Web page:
OpenLegacy Brings API Management to Legacy Systems

Mike Vizard
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The reality of enterprise IT is that most systems never really go away. Many IT organizations end up running applications on systems such as the IBM iSeries (formally known as the AS/400) for a decade or more. The challenge they face is that managing them within the context of a more modern IT environment becomes more costly every year.

To reduce that complexity, OpenLegacy developed a platform for wrapping legacy systems in a Java object that can then be invoked using REST application programming interfaces (APIs). Today, OpenLegacy extended those capabilities with a version 3.0 update to its namesake platform that makes it easier to manage the full API lifecycle surrounding a legacy system, including API management functionality to address versioning, caching, security and analytics.

Hans Otharsson, chief operating officer for OpenLegacy, says the basic idea is to enable IT organizations to manage legacy systems at a higher level of abstraction, in much the same way they do modern IT systems. As a result, IT organizations can then decide at their own pace when to retire these systems without having their ongoing operational costs continue to climb as “legacy system rigor mortis” sets in.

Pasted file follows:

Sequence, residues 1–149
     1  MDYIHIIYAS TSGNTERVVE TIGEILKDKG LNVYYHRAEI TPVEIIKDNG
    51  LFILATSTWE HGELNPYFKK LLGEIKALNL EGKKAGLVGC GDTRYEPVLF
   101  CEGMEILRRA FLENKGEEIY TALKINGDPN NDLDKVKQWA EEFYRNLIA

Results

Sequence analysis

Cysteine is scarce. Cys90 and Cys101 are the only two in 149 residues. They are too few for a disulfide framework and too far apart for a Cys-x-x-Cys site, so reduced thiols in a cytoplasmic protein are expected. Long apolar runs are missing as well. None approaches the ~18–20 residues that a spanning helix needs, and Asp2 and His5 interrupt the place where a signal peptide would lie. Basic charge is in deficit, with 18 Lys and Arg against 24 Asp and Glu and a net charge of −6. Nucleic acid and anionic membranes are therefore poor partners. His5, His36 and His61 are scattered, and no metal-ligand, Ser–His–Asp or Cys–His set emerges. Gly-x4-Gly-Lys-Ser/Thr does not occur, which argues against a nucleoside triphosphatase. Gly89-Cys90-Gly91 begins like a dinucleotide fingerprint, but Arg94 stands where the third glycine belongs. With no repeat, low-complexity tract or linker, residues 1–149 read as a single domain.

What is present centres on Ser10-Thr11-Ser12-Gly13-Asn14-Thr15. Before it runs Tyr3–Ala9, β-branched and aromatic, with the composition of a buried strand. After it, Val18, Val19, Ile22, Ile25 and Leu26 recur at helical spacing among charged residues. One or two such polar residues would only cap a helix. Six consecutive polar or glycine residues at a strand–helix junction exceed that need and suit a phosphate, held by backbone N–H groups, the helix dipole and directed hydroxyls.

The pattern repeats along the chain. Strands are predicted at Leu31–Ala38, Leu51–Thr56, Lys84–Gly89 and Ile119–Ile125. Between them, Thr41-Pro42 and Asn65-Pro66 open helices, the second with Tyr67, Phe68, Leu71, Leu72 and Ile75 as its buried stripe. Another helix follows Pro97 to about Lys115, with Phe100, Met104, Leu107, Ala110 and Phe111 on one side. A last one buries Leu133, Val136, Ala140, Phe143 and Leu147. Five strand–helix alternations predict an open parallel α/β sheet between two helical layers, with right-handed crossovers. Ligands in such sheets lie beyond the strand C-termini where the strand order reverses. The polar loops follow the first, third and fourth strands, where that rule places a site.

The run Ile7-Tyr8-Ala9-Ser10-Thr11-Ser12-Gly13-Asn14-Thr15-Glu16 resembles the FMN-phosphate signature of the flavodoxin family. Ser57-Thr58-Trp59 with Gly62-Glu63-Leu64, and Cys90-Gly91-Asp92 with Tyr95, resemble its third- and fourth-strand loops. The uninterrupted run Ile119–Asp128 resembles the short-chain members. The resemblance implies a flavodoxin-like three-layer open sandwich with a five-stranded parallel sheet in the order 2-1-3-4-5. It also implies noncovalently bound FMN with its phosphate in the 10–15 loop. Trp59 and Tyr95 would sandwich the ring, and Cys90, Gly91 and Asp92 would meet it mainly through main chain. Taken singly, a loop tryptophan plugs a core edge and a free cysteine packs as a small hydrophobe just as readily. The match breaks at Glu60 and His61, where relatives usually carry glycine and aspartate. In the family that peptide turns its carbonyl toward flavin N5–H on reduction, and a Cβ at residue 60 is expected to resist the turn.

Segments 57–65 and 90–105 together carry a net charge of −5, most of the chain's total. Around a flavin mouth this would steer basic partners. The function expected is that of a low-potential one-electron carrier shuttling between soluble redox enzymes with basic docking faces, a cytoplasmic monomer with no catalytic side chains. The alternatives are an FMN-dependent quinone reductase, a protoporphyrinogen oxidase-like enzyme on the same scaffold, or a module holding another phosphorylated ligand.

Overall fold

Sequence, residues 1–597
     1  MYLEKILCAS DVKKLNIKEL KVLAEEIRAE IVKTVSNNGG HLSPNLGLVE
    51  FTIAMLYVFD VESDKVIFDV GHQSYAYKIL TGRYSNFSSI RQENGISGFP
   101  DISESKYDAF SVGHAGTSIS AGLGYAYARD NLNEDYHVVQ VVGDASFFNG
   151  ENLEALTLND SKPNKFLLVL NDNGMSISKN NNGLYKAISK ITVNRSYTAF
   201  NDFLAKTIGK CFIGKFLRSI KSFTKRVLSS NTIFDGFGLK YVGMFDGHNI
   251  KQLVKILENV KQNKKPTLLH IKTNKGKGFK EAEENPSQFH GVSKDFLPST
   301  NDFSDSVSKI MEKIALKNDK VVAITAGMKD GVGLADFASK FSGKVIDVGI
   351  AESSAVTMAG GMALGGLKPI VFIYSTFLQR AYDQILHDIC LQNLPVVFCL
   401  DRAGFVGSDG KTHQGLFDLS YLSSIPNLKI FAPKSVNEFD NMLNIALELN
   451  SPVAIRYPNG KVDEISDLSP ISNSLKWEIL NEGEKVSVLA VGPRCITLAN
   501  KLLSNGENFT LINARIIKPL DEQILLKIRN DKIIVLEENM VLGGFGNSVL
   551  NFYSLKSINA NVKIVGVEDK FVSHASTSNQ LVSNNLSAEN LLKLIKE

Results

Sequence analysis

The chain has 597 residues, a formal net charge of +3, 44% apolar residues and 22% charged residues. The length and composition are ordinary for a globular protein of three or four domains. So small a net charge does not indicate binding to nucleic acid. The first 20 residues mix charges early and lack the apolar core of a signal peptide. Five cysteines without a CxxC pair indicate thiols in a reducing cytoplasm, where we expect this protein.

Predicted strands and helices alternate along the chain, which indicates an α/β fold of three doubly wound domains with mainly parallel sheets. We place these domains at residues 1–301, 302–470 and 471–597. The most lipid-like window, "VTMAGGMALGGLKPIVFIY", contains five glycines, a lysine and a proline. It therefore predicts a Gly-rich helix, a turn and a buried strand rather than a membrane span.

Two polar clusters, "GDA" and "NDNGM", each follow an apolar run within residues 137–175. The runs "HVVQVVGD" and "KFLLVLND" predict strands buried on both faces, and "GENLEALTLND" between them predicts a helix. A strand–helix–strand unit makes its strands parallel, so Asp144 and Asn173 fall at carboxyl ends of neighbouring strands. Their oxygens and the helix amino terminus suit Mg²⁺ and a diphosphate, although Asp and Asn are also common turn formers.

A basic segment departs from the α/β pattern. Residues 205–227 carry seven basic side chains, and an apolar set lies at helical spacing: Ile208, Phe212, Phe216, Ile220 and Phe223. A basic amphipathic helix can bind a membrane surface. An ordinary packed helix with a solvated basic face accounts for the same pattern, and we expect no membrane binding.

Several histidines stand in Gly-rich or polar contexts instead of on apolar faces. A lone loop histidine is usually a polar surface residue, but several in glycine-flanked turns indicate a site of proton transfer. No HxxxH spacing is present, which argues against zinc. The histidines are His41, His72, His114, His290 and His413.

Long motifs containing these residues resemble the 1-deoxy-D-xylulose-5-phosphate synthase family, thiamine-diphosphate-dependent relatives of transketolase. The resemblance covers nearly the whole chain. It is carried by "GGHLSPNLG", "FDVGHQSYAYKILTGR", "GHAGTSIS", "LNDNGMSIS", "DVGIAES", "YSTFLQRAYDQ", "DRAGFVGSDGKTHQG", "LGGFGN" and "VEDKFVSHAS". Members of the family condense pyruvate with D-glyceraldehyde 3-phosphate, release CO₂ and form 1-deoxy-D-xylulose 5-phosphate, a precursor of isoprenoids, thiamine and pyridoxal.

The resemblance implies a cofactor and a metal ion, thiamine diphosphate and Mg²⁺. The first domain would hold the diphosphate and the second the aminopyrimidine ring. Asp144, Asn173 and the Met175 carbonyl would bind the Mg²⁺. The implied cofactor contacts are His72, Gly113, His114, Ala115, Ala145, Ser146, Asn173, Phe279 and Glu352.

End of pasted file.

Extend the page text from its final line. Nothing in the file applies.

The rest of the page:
OpenLegacy

The OpenLegacy platform, adds Otharsson, is designed to support the Swagger specification for designing and creating those APIs and can also be invoked using JavaScript frameworks such as AngularJS.

In addition to REST APIs, Otharsson notes that legacy systems can be wrapped in more traditional Web services technologies, such as SOAP.

Regardless of the approach taken, the vast majority of IT organizations are under a massive amount of pressure to reduce their operational costs. The problem is that because of the nature of the application being used or the costs associated with replacing a legacy system, it’s not practical for them to deploy more modern IT infrastructure. However, that doesn’t necessarily mean they can’t enjoy the benefits of a modern approach to managing those systems, by using APIs to better eliminate the inherent complexity in almost any legacy system that is five or more years old.




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